Languages have a natural life

Colin Rawle, of Northeast Valley, questions the value of artificially supporting Maori language.

Maori language weak?

It certainly is, and if this completely anachronistic language is failing it's due to nothing but extreme old age and the inexorable tread of human/social evolution.

Are the scholastic denizens of our universities so cowed by political correctness that they dare not point out that more than 100 old languages have died a natural death in Europe alone?

And that languages, like cultures, civilisations and even races, arise, flourish and then in their proper ''season'' die away?

We call it social evolution and it never ceases to unfold before our eyes - (assuming eyes that actually see!).

Latin, the language of the great Roman Empire, which ruled the then known world, has died.

Gaelic has died, as has Aramaic, the native tongue of Jesus Christ.

The romantic wish to improperly prolong and utilise naturally dead or dying languages tends to draw one back into the old mentality or consciousness of which they are an expression - the very last thing that cosmopolitan modern societies need.

Clearly, English is the global, cosmopolitan and unifying language of the world today.

If truth were to count for anything nowadays, it would be generally acknowledged that the traditional unmodified Maori tongue was obsolete long before Europeans set foot on these shores.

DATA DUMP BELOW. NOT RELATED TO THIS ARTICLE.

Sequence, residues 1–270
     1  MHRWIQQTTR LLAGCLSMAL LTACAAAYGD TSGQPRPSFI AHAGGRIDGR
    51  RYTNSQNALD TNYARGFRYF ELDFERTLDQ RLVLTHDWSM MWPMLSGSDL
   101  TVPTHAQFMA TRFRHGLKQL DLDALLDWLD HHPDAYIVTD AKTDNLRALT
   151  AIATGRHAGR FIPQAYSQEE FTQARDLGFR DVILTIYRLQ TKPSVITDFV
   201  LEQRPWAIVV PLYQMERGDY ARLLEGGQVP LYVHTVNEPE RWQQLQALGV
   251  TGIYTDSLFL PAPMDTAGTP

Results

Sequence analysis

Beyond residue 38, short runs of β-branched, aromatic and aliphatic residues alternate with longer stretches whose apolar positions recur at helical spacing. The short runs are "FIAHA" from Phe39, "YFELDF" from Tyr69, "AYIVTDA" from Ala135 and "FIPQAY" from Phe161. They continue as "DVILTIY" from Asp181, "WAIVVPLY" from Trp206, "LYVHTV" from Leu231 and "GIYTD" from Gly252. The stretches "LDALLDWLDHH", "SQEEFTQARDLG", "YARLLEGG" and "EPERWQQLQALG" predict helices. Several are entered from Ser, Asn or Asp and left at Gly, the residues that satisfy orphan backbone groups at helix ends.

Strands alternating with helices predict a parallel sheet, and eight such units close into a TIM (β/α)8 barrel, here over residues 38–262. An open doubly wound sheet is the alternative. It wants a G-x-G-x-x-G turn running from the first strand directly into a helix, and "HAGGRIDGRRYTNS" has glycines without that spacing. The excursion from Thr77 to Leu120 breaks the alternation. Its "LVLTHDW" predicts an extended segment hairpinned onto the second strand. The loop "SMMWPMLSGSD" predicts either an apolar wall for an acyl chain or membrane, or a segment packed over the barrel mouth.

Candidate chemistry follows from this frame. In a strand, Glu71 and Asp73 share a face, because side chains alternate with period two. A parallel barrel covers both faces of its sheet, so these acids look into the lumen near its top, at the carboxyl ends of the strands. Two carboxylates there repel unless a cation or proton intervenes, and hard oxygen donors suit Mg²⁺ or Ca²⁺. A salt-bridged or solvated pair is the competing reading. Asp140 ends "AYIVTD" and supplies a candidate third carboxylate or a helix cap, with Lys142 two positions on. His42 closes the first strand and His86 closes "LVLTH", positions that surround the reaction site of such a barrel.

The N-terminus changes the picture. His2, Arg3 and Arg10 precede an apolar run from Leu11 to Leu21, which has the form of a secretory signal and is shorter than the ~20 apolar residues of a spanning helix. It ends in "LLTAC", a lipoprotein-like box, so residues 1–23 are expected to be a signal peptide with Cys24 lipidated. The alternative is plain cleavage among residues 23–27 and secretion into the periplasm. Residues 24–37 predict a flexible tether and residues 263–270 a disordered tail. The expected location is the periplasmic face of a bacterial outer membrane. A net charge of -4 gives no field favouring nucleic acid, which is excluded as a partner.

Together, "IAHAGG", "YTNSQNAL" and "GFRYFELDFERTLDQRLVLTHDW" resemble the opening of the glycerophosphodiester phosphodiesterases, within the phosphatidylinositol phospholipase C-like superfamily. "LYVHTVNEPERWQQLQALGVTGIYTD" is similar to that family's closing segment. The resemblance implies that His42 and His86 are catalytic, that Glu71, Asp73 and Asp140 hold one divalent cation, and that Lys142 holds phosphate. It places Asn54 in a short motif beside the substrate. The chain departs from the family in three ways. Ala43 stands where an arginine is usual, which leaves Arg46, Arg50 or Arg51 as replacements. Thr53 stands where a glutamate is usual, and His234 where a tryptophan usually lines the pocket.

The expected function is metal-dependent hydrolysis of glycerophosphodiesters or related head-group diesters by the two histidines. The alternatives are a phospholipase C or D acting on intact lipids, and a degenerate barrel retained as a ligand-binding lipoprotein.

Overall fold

It simply did not have the concepts and scope to deal with the wider world - even of the 18th-19th centuries.

The old-time, real, Maori knew this, and thus it was they who requested the schools of the time forbid Maori pupils from speaking their mother-tongue during school hours and instead teach them English.

The reasons for this are obvious to anyone with a trace of goodwill and common sense.

Nor was any attempt ever made to try to prevent Maori pupils from speaking their own language outside of school hours.

Ancient languages either die out or evolve beyond recognition.

Older speakers of the more traditional Te Reo have been saying for some years that they cannot understand much of today's ''pidgin'' Te Reo.

How many past civilisations, races and languages have synthesised and evolved to become the modern language and culture we know as English?

And this too shall pass, ''in its season''.

The demise of ancient cultures should neither be hastened nor prolonged, but be allowed to pass in dignity and gratitude and not be kept artificially alive as humiliating caricatures of their former reality - especially at the cost of untold millions of taxpayers' dollars, every cent of which could be put to better use.

Are we to assume that ''dumbing down'' has succeeded to the point that we moderns are now completely ignorant of once well-known facts?

If the present-day part-Maori agitators possessed any trace of the spiritual wisdom they pretend to, they would know that it is the fruits of the past which we carry forward with us into the future, not the trappings.

Such malcontents have no wish to arrive at the truth since they know this will not be to their advantage.

They only wish to win the argument.

All that was true and beautiful in past civilisations and cultures, including that of the Maori, we carry on with us as qualities of soul. Nothing of true worth is ever irretrievably lost. Thus mankind progresses.

Maori Language Week was last week.

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